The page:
Before grabbing a grapefruit, understand its power
Grapefruit looks sweet and friendly, but you might have heard it possesses powers far beyond those of ordinary produce.
Some of that reputation is fact, and some is myth.
Facts first: According to the U.S. Department of Agriculture, half a medium grapefruit has only 41 calories and nearly half a day's recommended supply of vitamin C.
"In addition, it's a reasonable source of potassium," which is important for maintaining healthy blood pressure, said Karen Collins, a registered dietitian in western New York who specializes in cancer prevention and heart health.
Grapefruit also is laden with natural plant compounds called phytochemicals, specifically flavonoids, which studies show can help fight stroke and heart disease. Pink and red grapefruit are good sources of beta carotene (a source of vitamin A) and lycopene, an antioxidant "cousin" to beta carotene that has been linked to lower stroke risk. One cup of red or pink grapefruit sections has as much lycopene as a medium 4-ounce tomato.
That's all good. But grapefruit's reputation for interfering with some medications is well-deserved.
It particularly affects certain anti-cholesterol statin drugs, as well as some medicines used to treat high blood pressure, irregular heartbeats and even allergies. Grapefruit and grapefruit juice can cause too much or too little of a drug to stay in the body. Too much drug increases the risk of side effects; too little means the drug may not work as well.
If you enjoy grapefruit or grapefruit juice and take such medications, there's no need to panic, Collins said. But talk with your pharmacist or health care provider to clarify what's safe. They might be able to switch your prescription to something unaffected by grapefruit, or even advise you to simply watch the timing of when you eat it.
In the past, grapefruit has been the very symbol of a "diet" food. Here's where its reputation drifts into the realm of fable.
"The things that are not true are that grapefruit has some kind of magical power, or contains some kind of fat-burning enzyme, that you're going to eat it and burn calories while you're sleeping," Collins said. Studies have found grapefruit provides no special boost to weight loss.
Even so, grapefruit's tartness encourages people not to gulp it in a rush but to slow down, letting them feel full with relatively few calories, "and that is exactly an approach that research does support as the kind of eating pattern that helps people reach and maintain a healthy weight," Collins said.
The classic way to enjoy grapefruit—splitting it and eating with a spoon—is OK, she said. (Be sure to rinse it before you cut: Otherwise, the knife might push bacteria on the skin through the entire fruit.)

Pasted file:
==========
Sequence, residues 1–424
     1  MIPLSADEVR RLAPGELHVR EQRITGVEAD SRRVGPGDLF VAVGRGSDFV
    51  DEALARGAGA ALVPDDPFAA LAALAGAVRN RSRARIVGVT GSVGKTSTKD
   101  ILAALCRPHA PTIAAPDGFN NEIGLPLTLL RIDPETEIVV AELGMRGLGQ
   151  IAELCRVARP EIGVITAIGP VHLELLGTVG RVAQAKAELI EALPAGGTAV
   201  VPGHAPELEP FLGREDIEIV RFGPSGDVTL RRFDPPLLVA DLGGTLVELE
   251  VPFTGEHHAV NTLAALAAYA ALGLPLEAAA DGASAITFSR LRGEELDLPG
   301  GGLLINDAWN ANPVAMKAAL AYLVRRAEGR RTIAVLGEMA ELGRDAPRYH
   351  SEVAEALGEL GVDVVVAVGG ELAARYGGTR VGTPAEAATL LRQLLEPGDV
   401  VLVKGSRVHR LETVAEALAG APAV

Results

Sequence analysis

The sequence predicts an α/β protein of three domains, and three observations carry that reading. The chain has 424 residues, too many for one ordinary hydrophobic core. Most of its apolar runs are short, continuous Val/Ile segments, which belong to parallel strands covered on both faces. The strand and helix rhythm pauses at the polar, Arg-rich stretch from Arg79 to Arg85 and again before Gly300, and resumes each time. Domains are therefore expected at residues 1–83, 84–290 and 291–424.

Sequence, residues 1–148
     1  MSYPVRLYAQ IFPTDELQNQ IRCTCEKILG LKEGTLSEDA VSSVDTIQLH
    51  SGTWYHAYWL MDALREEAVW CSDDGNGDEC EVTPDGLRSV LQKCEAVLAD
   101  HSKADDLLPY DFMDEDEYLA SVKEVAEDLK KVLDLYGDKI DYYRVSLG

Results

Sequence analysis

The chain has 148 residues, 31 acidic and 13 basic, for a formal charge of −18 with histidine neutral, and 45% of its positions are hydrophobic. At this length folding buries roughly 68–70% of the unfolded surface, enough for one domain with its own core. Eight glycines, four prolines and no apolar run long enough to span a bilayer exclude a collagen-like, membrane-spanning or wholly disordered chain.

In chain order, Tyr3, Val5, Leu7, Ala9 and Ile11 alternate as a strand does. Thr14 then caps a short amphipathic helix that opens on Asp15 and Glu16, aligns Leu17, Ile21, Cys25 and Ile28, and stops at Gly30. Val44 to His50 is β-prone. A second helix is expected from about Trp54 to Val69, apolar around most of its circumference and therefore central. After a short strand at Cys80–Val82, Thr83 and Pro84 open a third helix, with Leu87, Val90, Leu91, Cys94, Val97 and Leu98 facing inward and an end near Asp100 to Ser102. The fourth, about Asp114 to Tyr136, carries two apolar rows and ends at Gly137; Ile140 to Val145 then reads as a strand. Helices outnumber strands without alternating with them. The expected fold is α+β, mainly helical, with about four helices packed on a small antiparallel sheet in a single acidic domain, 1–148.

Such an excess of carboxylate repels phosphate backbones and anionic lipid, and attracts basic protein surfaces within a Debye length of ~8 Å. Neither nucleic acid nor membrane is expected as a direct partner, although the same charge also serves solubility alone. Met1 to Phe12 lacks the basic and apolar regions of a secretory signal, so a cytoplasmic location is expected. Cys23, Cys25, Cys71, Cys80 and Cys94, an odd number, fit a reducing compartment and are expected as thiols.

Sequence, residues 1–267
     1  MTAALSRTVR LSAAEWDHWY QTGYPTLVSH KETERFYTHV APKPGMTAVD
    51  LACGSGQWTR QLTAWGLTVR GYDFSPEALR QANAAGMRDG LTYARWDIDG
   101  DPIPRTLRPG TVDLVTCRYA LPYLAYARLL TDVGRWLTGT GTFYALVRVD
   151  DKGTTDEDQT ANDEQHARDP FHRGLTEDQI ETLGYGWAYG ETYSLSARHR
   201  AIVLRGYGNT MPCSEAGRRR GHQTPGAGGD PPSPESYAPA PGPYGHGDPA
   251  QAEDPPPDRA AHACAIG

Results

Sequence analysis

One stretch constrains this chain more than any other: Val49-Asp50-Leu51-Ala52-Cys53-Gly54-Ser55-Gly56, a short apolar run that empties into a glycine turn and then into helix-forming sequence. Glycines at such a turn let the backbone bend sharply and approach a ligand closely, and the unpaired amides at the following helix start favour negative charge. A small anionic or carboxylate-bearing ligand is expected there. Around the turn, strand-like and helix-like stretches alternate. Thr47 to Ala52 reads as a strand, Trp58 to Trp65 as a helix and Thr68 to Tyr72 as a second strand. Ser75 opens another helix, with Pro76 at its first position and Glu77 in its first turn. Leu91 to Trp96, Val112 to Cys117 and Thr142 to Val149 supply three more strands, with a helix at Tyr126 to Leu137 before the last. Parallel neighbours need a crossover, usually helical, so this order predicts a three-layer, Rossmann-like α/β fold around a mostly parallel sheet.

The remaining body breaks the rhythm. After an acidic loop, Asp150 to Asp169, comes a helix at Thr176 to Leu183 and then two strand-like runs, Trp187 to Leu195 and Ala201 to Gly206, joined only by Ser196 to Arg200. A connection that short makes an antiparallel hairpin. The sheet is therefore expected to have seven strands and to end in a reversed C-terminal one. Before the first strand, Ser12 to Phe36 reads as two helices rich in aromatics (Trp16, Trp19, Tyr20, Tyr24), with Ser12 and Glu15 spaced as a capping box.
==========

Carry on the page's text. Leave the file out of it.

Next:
But if you peel it like an orange and eat it by the section, you get added benefits from the membranes.
"Those membranes are rich in a type of dietary fiber called pectin, which is what we would call a viscous fiber," Collins said. "And that is the type of fiber that can help lower (bad) LDL cholesterol and seems to be what they call a prebiotic that helps to nurture the healthy bacteria in our gut."
For the best flavor, don't chill it.
"It's actually recommended that if you're going to be eating grapefruit within the week to just store it at room temperature," she said. It can keep for several weeks in the refrigerator, but it will taste better if you let it return to room temperature before serving.
She recommends trying it in a salsa, with chopped bell peppers and cilantro. "That adds a really nice, very crisp and refreshing kind of flavor like, say, on fish." She also thinks the sections work great on a green salad. "You can combine it with avocado, and that's kind of a classic."
And if you're in the habit of taking it with a sprinkling of salt or sugar?
First, she suggests, try it plain. "The grapefruit of today is really not necessarily the grapefruit of 30 years ago, and many of them don't have as bitter a taste."
Although most Americans already consume too much sodium and sugar, a tiny sprinkle of salt on half a grapefruit or a bit of brown sugar on a slice you stick under the broiler is "a drop in the bucket" compared with other choices you could make, Collins said.
"If you're saying a quarter of a teaspoon of sugar makes it so you enjoy that grapefruit compared to a doughnut that has eight teaspoons of sugar in it, I would take the grapefruit."
American Heart Association News covers heart and brain health. Not all views expressed in this story reflect the official position of the American Heart Association. Copyright is owned or held by the American Heart Association, Inc., and all rights are reserved. If you have questions or comments about this story, please email email@example.com.